Moon Poses Radiation Risk to Future Travelers
The Moon poses a radiation risk to future travelers there. Understand why the Moon poses a radiation risk to future lunar travelers.
Future lunar explorers counting on the moon to shield themselves from galactic cosmic rays might want to think about Plan B.
In a surprising discovery, scientists have found that the moon itself is a source of potentially deadly radiation.
Measurements taken by NASA's Lunar Reconnaissance Orbiter show that the number of high energy particles streaming in from space did not tail off closer to the moon's surface, as would be expected with the body of the moon blocking half the sky.
Rather, the cosmic rays created a secondary - and potentially more dangerous - shower by blasting particles in the lunar soil which then become radioactive.
"The moon is a source of radiation," said Boston University researcher Harlan Spence, the lead scientist for LRO's cosmic ray telescope. "This was a bit unexpected."
While the moon blocks galactic cosmic rays to some extent, the hazards posed by the secondary radiation showers counter the shielding effects, Spence said at a press conference at the American Geophysical Union meeting in San Francisco this week.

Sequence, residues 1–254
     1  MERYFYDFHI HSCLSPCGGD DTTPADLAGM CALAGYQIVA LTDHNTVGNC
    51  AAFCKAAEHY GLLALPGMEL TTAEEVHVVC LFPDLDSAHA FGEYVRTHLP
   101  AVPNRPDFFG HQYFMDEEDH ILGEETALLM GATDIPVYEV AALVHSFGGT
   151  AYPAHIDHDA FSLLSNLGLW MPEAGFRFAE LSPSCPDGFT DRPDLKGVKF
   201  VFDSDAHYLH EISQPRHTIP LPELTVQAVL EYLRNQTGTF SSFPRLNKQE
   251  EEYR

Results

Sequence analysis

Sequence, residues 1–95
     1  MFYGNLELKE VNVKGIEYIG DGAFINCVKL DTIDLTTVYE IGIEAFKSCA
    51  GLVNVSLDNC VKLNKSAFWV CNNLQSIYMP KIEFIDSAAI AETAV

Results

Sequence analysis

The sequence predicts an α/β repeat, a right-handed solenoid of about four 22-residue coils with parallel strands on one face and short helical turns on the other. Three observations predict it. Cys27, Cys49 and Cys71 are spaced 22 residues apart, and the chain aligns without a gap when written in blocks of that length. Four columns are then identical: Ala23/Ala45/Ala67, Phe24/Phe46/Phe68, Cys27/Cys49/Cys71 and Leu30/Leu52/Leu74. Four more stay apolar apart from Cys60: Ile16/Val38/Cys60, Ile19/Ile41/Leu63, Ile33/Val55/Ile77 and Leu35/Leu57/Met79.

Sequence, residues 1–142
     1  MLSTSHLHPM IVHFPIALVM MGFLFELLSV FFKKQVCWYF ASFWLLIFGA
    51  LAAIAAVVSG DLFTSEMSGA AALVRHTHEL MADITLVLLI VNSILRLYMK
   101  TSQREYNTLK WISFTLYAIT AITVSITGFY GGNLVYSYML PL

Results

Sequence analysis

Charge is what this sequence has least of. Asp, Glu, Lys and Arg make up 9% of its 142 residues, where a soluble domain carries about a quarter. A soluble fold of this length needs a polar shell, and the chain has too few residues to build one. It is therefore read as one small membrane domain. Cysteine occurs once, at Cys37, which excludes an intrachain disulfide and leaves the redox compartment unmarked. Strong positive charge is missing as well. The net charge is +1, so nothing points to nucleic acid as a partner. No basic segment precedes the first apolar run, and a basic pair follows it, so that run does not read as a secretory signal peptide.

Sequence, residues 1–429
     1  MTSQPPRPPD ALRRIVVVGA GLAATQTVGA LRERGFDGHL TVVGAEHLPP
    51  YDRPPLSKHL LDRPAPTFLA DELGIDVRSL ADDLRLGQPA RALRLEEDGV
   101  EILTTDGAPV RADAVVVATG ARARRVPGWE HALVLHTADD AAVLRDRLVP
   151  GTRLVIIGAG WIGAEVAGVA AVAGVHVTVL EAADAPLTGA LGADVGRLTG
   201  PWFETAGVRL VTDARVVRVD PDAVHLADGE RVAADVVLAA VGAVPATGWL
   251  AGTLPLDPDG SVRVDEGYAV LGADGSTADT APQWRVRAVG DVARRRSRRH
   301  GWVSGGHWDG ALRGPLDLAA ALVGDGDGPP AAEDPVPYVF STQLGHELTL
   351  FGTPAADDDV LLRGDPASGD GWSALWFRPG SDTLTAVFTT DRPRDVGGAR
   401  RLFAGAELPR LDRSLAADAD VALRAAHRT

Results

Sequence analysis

Overall, future lunar travelers face a radiation dose 30 percent to 40 percent higher than originally expected, Spence said.
Galactic cosmic rays, believed to be caused by supernova explosions, are fast-moving electrically charged electrons and atomic nuclei. They are found throughout the solar system, though their numbers are particularly high at the present time due to an unusually quiet period of solar activity.
The lack of solar magnetic fields and reduced solar wind pressure means cosmic rays have been able to more easily penetrate the inner solar system.
"We are in a period when the radiation risks are elevated, but still tolerable," Spence said, adding that the levels were about what an X-ray technician or uranium miner might normally experience in a year.
The sun cycles through periods of high and low magnetic activity about every 11 years. The next period of maximum activity, characterized by increasing number of sunspots and other disruptions of the sun's surface, is expected in 2013.
LRO found about twice as many of the highest energy cosmic rays - those that could punch through the telescope itself - as expected. NASA plans to use the information to design shelters and operating procedures for future human excursions to the moon.
LRO is about halfway through a one-year primary mission to scout for landing spots, find potential resources and characterize radiation and other hazards.
"The work being done in heliophysics areas is important to keeping astronauts safe," said Michael Wargo, who oversees NASA's lunar research programs. "One of the holy grails would be to be able to predict the sun's activities and give an 'all clear' on how many days astronauts could be on (spacewalks)."